Remembering Alice Munro


Alice Munro, beloved Canadian author, Nobel Prize winner, and undisputed master of the short story, died on Monday at her home in Ontario, at the age of 92.

For many years, Munro has been almost universally celebrated for her short stories, which tend to be structurally inventive and psychologically astute, featuring the complex lives of characters rendered in precise prose. “With Alice it’s like a shorthand,” Richard Ford once said. “You’ll just mention her, and everybody just kind of generally nods that she’s just sort of as good as it gets.” Her first collection, Dance of the Happy Shades, was published in 1968; her last volume of new work, Dear Life, was published in 2012, and was (we thought, at least) one of the best collections of the decade.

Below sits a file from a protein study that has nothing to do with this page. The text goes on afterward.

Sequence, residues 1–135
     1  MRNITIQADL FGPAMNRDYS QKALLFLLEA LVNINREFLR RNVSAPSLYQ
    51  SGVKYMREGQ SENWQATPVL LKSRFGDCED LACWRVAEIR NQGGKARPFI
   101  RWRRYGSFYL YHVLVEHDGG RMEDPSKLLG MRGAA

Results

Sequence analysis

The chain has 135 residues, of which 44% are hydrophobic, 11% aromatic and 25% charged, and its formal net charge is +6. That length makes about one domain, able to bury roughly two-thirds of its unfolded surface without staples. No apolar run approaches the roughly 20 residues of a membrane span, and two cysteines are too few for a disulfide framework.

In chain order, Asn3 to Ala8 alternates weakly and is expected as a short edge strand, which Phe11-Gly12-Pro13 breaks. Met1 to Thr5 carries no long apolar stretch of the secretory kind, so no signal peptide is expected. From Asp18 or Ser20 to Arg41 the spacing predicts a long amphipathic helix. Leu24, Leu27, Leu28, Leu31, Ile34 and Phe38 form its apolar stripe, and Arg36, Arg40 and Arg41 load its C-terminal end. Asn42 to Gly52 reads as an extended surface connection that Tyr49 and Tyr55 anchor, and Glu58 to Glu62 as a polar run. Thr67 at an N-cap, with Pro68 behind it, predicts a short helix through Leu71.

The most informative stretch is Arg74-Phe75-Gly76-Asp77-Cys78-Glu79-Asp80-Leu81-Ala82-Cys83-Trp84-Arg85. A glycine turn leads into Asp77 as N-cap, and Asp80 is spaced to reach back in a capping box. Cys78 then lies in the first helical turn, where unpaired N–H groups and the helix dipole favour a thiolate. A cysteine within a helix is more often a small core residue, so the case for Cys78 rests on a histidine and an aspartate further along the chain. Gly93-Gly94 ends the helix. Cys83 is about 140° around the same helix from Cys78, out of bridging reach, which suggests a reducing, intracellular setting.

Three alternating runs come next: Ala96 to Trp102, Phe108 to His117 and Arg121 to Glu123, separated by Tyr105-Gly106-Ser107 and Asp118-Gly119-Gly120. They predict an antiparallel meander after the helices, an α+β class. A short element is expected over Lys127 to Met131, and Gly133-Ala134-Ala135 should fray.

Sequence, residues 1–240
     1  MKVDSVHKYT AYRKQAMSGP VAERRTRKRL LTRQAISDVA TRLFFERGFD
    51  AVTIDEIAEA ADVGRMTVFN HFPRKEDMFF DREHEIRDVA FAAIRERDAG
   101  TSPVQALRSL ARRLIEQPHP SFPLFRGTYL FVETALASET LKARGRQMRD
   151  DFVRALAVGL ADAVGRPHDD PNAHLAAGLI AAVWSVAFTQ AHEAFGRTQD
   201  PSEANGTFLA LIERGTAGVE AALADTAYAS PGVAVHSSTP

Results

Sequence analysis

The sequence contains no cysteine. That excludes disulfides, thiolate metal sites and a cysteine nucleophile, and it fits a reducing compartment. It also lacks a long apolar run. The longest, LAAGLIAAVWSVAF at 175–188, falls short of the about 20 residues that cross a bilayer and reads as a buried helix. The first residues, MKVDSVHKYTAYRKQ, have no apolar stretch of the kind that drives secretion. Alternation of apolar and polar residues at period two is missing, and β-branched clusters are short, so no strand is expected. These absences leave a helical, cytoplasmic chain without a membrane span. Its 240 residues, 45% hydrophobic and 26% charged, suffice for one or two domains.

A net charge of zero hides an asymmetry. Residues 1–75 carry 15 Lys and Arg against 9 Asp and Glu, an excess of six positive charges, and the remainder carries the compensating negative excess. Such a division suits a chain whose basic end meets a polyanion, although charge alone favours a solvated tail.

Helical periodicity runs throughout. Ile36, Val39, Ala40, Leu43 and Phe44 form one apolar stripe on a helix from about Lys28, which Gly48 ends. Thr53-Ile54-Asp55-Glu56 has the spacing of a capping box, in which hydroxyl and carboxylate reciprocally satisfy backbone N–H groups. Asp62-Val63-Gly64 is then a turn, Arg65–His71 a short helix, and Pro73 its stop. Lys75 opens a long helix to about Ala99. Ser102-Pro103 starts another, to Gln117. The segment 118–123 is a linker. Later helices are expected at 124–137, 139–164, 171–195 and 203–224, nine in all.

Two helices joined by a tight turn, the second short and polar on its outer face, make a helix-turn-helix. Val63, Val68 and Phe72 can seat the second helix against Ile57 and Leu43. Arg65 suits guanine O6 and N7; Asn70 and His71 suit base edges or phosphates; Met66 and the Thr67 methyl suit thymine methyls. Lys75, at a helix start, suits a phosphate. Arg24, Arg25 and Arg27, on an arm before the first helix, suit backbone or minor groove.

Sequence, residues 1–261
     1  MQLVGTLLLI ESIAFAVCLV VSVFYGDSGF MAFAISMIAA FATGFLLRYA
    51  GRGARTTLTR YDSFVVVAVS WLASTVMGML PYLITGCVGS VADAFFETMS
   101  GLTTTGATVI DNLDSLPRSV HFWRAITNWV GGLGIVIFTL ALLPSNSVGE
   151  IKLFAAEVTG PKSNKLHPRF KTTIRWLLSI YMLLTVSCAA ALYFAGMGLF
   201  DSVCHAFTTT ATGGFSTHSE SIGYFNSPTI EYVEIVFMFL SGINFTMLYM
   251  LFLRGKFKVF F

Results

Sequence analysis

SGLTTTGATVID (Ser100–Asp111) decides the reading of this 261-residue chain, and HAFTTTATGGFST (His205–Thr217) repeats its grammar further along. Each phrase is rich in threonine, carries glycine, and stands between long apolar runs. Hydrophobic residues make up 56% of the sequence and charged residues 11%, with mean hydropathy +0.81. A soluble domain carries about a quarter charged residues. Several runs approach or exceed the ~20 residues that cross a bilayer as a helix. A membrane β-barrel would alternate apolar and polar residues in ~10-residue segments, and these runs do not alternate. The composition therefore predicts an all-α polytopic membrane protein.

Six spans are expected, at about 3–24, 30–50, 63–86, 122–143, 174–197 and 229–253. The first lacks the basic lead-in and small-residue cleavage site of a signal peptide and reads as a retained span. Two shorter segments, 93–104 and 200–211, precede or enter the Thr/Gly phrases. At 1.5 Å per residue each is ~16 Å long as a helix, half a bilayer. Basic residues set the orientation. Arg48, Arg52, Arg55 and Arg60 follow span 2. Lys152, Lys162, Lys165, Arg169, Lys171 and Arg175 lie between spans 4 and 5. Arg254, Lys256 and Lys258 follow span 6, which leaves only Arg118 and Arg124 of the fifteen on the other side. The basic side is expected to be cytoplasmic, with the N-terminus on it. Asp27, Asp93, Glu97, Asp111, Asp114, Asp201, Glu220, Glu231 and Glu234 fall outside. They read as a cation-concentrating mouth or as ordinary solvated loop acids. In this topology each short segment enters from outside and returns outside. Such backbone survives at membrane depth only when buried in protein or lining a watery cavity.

In 2013, Munro was awarded the Nobel Prize in Literature, for her mastery of the contemporary short story and her ability to “accommodate the entire epic complexity of the novel in just a few short pages,” a determination that was met with joy and approval from the English-speaking literary world. “All you have to do nowadays is write a few half-decent stories and you are ‘our Chekhov,’” James Wood wrote at the time. “But Alice Munro really is our Chekhov—which is to say, the English language’s Chekhov.” She will be missed.

For more on Munro’s life and legacy, read on.

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Emily Temple



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